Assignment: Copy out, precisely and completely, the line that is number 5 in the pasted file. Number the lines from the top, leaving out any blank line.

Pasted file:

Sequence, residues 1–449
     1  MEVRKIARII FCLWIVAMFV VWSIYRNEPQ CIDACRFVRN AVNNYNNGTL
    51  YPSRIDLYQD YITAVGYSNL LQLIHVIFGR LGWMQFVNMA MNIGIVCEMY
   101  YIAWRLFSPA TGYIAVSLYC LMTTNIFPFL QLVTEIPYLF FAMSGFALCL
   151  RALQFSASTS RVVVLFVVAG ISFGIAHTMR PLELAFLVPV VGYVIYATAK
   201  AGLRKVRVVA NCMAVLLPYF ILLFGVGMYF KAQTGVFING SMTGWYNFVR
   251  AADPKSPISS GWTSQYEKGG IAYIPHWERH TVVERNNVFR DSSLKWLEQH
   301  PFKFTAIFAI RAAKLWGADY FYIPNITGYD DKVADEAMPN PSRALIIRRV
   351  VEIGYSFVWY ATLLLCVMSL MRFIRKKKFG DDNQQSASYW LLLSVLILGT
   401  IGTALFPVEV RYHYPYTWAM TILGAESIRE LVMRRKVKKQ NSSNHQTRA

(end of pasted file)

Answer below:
   151  RALQFSASTS RVVVLFVVAG ISFGIAHTMR PLELAFLVPV VGYVIYATAK